An Interview With Robert Duncan McNeill:
The producer-director of "Chuck" talks about life behind the camera
Robbie chatted with robertduncanmcneill.net via phone from Los Angeles, where he was preparing to produce and direct for the second season of Chuck. He talked about his recent work, and answered some questions from the readers of robertduncanmcneill.net.
Q: So: what did you do on your unplanned hiatus, during the writers' strike?
Robbie: When the strike first started, it was confusing. Particularly with Chuck's intense schedule -- all of sudden, there was nothing to do. It felt like "I've got to get back to work and get busy."
Then I took some time for myself. We traveled a lot. I went to the Sundance Film Festival, which was really fun. I went to New York and saw Johnny (Ethan) Phillips and his play, November, a new David Mamet play on Broadway. He's really great in the play, along with Nathan Lane and Laurie Metcalf and Dylan Baker. I saw some old friends, and saw some wonderful theater - stuff that I don't have much time for in a production schedule.
And then I saw India! Part of my daughter's senior program in high school was to train as a teacher in yoga. She did a training program here in Santa Monica, and the teacher she studied with has lived in India and is very connected to Indian culture and yoga traditions. He invited some of the teachers who trained under him on a last-minute trip to India, including my daughter. She was really honored to get the invitation. Since the writers' strike was happening, I decided it was a great opportunity for me to have really a memorable trip with her and for us to do something together in her senior year. We were able to see parts of India connected with Hindi culture, and yoga, and religious places and practices, in a way most tourists never could. It was amazing!
We started at an Ayurvedic health center in southern India. Ayurvedic medicine is traditional Indian medicine that has been around for 10,000 years. It has to do with certain medicinal plants and herbs and certain health practices and yoga. It was almost like going to a holistic spa for a week, because there were consultations with Ayurvedic doctors, who are a kind of nutrition and health specialists. We did that and had yoga classes every day, which for me was something brand new, that I had never been exposed to.
Then we traveled north. It took us a couple of days to get to Rishikesh, which is on the Ganges River and is probably the most well-known spiritual mecca for the Hindu religion. We were there during Shiva Rattri, which is a big festival with pilgrims with turbans who walk for weeks and weeks with bottles to get water from the sacred Ganges River. It was really powerful seeing that.
It felt so different being over there; it felt like we were on another planet. I related it to Star Trek, in a way. It's like going to another world, where every tradition and even their way of thinking is completely different. It was really wonderful.
Plus I got to hike in the Himalayas. We hired a guide. We wondered through villages along the path - there's no road, there's no contact with the outside world - and the people who live up there in the Himalayas were so friendly. They would invite us to sit in the shade by their houses to rest, or to share some lunch. A very friendly people.
India was interesting, too, for the entertainment scene. We got to see a little of Bollywood movies and TV networks. It was interesting for me, as someone in the entertainment business, to see the scope of the industry they have - it's enormous! It's amazing stuff, when you consider that they have very different budgets and resources, yet produce amazing musicals. Everything has singing in it! I never understood why they have so much singing and dancing in these movies, but being over there and getting to know the traditions and the religious side, I saw that singing is so much a part of that country. There's always mantras and chanting, which become song - it's all connected. So it's very natural in the middle of some dramatic story for someone to break into song - it's very familiar to them.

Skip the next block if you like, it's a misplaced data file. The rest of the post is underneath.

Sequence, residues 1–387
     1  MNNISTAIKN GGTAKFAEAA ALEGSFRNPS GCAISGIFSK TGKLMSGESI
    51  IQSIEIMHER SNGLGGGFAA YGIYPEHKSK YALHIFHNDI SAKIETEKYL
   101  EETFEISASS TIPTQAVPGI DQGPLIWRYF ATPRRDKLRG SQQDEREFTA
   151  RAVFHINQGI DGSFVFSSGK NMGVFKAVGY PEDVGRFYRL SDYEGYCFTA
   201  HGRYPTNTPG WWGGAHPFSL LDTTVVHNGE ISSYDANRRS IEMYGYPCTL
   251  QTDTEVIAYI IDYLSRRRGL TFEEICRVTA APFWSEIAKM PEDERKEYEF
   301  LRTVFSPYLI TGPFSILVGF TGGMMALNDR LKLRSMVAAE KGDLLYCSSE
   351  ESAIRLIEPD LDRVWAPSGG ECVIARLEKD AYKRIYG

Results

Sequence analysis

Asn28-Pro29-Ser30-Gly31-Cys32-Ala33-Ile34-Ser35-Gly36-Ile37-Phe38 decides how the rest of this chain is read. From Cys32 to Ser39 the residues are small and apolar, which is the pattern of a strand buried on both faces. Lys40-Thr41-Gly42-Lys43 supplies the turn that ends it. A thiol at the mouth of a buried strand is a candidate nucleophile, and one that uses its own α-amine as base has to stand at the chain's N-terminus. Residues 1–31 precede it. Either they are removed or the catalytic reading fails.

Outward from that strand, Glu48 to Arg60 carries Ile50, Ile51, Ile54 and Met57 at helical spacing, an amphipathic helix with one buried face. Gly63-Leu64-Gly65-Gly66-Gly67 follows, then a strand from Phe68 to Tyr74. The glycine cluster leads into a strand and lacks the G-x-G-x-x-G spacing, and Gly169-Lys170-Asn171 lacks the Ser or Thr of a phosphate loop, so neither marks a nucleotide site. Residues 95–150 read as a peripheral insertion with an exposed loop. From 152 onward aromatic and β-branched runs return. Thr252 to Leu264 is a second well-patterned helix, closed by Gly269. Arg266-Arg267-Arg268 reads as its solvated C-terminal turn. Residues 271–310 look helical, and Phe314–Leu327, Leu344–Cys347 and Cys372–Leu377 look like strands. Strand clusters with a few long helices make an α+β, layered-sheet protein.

Q: It sounds like the musical phase of American movies of the '30s and '40s…
Robbie: Yes, but the way they experience music is much deeper than that. In the Bollywood TV shows and movies, the songs are not that complicated; they're often repetitive kinds of hooks. They'll get a little song about something like "Marry the boy!" It just keep repeating and repeating. The song and dance numbers would go on for 10 minutes, but it was basically the same little chorus repeated over and over. That was something I noticed in the yoga practices and the things we were doing - this mantra mindset of repetition the same idea over and over. It was really interesting.
Q: When Samantha Who? went to series, I thought but you were going to be with them, but you're with Chuck, now. How did that happen?
Robbie: It just came down to a money and a business decision. With Samantha Who? I loved the show and I love the cast, and I still talk with Christine Applegate and Barry and Tim and some of the actors. I'm very good friends with Don Todd, the writer/producer, and Peter Traugett.
When that show went on the air, it was a smaller show. They didn't have a lot of money, and quite honestly they didn't have the position for me. The job that I do on Chuck, they don't have that job at Samantha Who?. Not every show does. Some shows have a kind of full-time director/producer, and some shows don't - they just don't have the money.
We've stayed in touch, and the people at Samantha Who? have continued to ask me to ask me if I could direct, but I just haven't been able to do it.
Chuck is written and produced by the guys who did The OC and Wonderland, the people who produced the Supernatural episode I directed, and the Danny Compton pilot I directed a couple of years ago (Jump), so it was a lot of guys I knew I already. They wanted a full-time director/producer, and I looked at the pilot. Chuck looked like so much fun.
In some ways, it's probably a better fit for me than Samantha Who? which is very much a female-oriented show. I can relate to much of that, but I can relate much better to the Chuck mindset, with the spy world and the action and the comedy of it. It's a lot of fun.
Q: It is a lot of fun to watch. When my daughter is home from college, it's one of the few shows that she and my husband and I will all sit down to watch. On the TV Guide website, persons often comment that it's a family-friendly show that everybody of all ages can enjoy.
Robbie: That's what everybody says. I really think the audience will start to grow. The kids watching it would talk to the parents, and we found our audience was growing in all demographics, even the over-50 demo and the under-17 demo. NBC tested a couple of different timeslots, but they stuck with Monday at 8, which will be perfect for us.
Q: So as a producer/director, what do you do that's different than simply directing?